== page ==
Missing an Old Hookup? Give Yourself the Ick.

A few weeks ago, I watched a friend scroll Instagram until she settled on a low-gradient image. She stared intently at the photo, eyes wide, one hand over her mouth. “What is it?!” I asked. She passed me the phone. My hand, too, went immediately to my mouth.

The image was her ex at a family island reunion. Each person is swaddled in blindingly neon Lilly Pulitzer. One wears a Bumpit. All of their smiles show both the dental work and smugness of WASPy Connecticut finance folk. To top it off, the ex in question made the caption a joke about speaking to a server in the wrong language.

“Oh thank God,” my friend said with relief. “I’ve given myself The Ick.”

I only found out about The Ick terminology last summer, during an all-consuming Love Island binge where I became obsessed with British slang. Contestants would find themselves completely turned off by partners with whom they’d been happily coupled up. It always seemed sudden, this ultimate cringe feeling. As Leanne said in the villa: “I don’t want him to touch me, I don’t want him to kiss me, I just don’t want to be around the boy.” That’s The Ick.

While the phrase was new to me, the phenomenon certainly was not. I caught The Ick after a fling told me to “name five songs” if I REALLY liked Sylvan Esso. I caught it when a date told me his cats were jealous of “other women,” so I couldn’t come over to his apartment. I also caught The Ick for seemingly no reason at all. I was once sitting in a hammock for the millionth time with a boy I’d dated for months, only to be absolutely pummeled by a wave of revulsion. But he’s great! I argued with myself, even writing lists of his most noble qualities. These didn’t hold up, and I simply couldn’t help it — I hated every single thing he did. He hadn’t changed; there was just no coming back from The Ick.

The harder one tries to shove away these feelings, the stronger they emerge. The Ick-infected partner might try and take space from her counterpart, who in turn, might naively overcompensate. This is fertile ground for The Ick, which usually grows worse and never gets better.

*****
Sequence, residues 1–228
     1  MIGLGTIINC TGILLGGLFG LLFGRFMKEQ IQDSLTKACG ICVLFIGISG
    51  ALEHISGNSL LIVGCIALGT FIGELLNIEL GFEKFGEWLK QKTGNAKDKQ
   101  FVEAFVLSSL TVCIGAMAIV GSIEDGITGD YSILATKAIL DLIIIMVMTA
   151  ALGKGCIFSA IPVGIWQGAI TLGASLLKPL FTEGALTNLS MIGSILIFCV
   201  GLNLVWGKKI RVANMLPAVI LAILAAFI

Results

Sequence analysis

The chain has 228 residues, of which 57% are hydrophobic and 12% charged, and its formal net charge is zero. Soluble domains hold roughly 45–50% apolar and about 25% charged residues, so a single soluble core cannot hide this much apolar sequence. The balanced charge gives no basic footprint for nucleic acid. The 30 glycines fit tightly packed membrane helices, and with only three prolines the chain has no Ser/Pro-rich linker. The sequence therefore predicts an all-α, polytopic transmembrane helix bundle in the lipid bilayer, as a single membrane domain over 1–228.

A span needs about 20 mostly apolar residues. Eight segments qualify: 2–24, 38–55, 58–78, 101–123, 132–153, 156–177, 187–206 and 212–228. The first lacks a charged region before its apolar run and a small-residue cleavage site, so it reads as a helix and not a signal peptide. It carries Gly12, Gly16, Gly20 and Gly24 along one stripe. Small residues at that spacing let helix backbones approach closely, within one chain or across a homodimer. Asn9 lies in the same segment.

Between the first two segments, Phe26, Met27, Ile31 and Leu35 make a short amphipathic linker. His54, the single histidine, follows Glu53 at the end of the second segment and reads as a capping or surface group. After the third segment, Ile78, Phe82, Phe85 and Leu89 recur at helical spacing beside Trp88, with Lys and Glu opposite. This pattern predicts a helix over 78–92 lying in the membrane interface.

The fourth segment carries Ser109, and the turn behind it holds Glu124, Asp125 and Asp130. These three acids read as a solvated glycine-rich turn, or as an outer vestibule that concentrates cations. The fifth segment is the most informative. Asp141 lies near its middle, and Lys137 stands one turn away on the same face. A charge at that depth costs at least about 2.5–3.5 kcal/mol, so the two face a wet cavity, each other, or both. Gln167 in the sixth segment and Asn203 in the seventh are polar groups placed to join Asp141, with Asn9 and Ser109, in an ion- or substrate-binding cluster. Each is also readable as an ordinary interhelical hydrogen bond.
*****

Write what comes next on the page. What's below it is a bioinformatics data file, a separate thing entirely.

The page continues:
Now that I’m dissecting it, I’m realizing The Ick might be a subconscious protector of sorts, this deep inner voice that knows something isn’t right before our rational brains can recognize what exactly that thing is. Sometimes we can later point to why — my friend’s Lilly-clad, problematic ex was obviously always at odds with her very cool and moral self. But other times, we never know why a person’s smallest mannerisms suddenly piss us off. The Ick is essentially a gut feeling.

So how does The Ick fare in the soul-crushing loneliness of this pandemic? These days it’s so familiar, so comforting, so much safer physically and mentally to reach out to a former flame, rather than seeking out a new one. I see my friends Venmo-ing heinous ex-flings for groceries, and I can’t even be mad. We’ve been quarantined for almost a full year now. Isolation is a temporary poultice for The Ick, even if not a sustainable one.

The emphasis there is on temporary, which hopefully all of this is. Just know The Ick is what’s inevitable.

Meghan Gunn is a writer. https://www.meghangunn.com/ tweeting @95gunn

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